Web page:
A little background:
Almost four years ago I went to Avondale Elementary to report on a group of white, middle-class parents who’d decided to send their kids to the school where they lived. In many places, that wouldn’t be unusual. But in Birmingham, it was, and is. The school system is 92 percent black, 65 percent on free lunch, and especially back then, it didn’t have the greatest reputation. But Avondale parents – black and white, then and now – see beyond that.
“It’s just exciting to see different people come in, wanting to help, wanting to be a part of Avondale Elementary School,” says parent and volunteer Valencia King.
PTA president Alison Jenkins agrees. “I think it’s beautiful that Avondale is more representative of entire Birmingham now. It’s a beautiful thing.”
Although Avondale the neighborhood began booming and diversifying long before the school felt a ripple of middle-class influx, principal Courtney Nelson sees those changes affecting the school now.
“We’re getting to know more about different cultures and different lifestyles, and we’re embracing those,” she says. “We’re learning to live positively in a heterogeneous community. That’s real life, and that’s what we’re bringing to the kids here … And we have a lot of believers in the business community now, too.”
All of this comes with very real ramifications. Other parents say the main reason they came to Avondale was its diversity, and a wide body of research shows benefits for kids in racially and economically diverse schools.
According to Dr. Anthony Hood of UAB’s Collat School of Business, “When you have this economic revitalization where you have middle-class families moving into a formerly depressed neighborhood, those people bring – into that neighborhood and into those schools – access to information, resources, and connections to influential people. And so what happens is, the scores overall of the school tend to go up.”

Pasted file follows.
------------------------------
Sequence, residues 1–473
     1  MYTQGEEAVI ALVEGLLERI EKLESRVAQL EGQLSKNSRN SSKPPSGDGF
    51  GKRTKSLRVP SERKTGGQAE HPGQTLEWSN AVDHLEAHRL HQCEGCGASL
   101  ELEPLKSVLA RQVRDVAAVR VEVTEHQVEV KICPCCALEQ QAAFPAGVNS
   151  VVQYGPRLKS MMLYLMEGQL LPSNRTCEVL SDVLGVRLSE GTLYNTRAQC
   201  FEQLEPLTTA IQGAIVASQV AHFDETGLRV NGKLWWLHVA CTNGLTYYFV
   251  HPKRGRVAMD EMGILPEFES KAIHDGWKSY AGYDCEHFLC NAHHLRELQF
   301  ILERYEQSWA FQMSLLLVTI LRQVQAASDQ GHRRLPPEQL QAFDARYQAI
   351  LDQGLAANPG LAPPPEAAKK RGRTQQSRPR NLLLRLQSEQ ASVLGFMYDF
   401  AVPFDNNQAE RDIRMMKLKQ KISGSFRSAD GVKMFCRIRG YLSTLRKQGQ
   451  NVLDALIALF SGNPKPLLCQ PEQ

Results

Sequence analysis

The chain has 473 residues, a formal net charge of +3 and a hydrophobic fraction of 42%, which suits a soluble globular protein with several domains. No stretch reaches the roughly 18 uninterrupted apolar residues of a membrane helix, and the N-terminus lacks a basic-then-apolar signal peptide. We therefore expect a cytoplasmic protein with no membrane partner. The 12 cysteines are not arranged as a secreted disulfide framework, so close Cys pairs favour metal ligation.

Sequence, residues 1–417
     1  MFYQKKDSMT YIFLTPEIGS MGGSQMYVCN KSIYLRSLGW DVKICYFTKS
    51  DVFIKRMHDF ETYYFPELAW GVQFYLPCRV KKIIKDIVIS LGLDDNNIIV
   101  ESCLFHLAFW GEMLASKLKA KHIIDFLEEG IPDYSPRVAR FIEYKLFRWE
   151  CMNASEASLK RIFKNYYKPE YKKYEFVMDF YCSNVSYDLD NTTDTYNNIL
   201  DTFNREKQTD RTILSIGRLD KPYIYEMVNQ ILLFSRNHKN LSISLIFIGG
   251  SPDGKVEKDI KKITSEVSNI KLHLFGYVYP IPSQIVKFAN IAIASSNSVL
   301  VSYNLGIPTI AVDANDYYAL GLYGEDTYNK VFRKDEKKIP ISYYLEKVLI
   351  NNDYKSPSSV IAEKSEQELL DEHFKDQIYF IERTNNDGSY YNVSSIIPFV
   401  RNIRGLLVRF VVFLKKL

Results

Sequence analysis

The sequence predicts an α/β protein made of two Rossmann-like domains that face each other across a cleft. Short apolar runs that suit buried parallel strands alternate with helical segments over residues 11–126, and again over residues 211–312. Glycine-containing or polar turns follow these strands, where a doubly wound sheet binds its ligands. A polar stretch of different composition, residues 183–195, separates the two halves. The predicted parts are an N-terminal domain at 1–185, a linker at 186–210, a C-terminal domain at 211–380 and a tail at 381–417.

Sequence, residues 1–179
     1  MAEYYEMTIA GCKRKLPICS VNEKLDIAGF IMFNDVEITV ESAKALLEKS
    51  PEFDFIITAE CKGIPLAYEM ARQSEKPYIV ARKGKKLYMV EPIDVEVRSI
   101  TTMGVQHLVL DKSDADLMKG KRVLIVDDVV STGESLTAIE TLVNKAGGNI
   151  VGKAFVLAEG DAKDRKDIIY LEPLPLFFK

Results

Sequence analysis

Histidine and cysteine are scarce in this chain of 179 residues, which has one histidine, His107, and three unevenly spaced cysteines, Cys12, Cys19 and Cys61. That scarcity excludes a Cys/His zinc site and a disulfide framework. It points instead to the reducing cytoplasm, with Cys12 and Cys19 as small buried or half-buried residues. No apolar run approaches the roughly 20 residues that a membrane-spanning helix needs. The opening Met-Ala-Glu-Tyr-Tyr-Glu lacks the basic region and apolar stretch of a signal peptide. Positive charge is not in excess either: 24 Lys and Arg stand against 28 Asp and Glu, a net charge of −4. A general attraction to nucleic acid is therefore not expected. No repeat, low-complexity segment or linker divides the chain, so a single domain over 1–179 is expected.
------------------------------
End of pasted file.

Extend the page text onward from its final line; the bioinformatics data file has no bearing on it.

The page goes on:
But even putting aside the limits of test scores as measures of education quality, he worries that test score increases for an entire school don’t necessarily mean its poor kids are doing better.
“Are the indigenous people – those students who were already there, who are from those disadvantaged backgrounds – are they better off because these people with greater means have moved into the school system? It can be very tricky when you’re just kind of looking at overall scores.”
(Speaking of tricky, discerning real trends in Avondale’s test scores is basically impossible, given recent changes in standards, grade-level expectations, and the tests themselves.)
Hood also points out that you can have segregation within diverse schools through talented-and-gifted programs or when wealthier parents – who often have more resources, connections, and time – exert more “pull” in the school, PTA, or community, resulting in moves that, intended or not, help their kids more than those of others. And he has other concerns.
“I think the fear that a lot of people have is displacement,” Hood says. “If a school is 90 percent African-American, or 90 percent people of color, and now it starts becoming increasingly more white – white and middle class – then what happens when it hits that tipping point to where now you have mass displacement of the people of color who are already there?”
Even some very middle-class parents, black and white, say they fear being “priced out” of Avondale. It bears mentioning that the neighborhood is seeing a revitalization most chambers of commerce, tax collectors, and realtors can only dream of.
There are neighborhoods and school zones in Birmingham where the issue of being priced out might seem like a good – or at least better – problem to have. As Hood puts it, “we need more efforts to make sure that we are creating demand mechanisms for all of our neighborhoods, not just those on the east side of town and Downtown and Southside, but also Ensley and Norwood and North Birmingham and Titusville, to make sure we are creating reasons for companies as well as people to come and invest in those areas.”
Though in Avondale the area changed first, those demand mechanisms could include schools. It’s a chicken-and-egg thing. Hood’s research assistant, Americorp member and small business owner Ariel Smith, says schools are the hubs of communities, so “when schools are building, when neighborhoods are building, it’s going to attract homeowners to that area. It’s a great opportunity for us to come together and to figure out, okay, ‘how do we move forward for the betterment of everyone in that school.’”
Extending that goal to the whole city, Anthony Hood puts things plainly:
“I think if you had both white middle class and black middle class choosing to be in the inner city, but also doing it in a very conscientious fashion as to not to displace those who are already here, who have been here for decades, I think we can achieve a much more equitable and diverse Birmingham.”
Avondale has been booming for a while, and Avondale Elementary – now 10 percent white, diverse by Birmingham standards – is slowly becoming more diverse. The school seems to be both reflecting and causing neighborhood changes. But it’s complicated, and whether it works for everyone depends on people seeing past their own benefit.
WBHM intern Joseph Bodkin contributed to this report.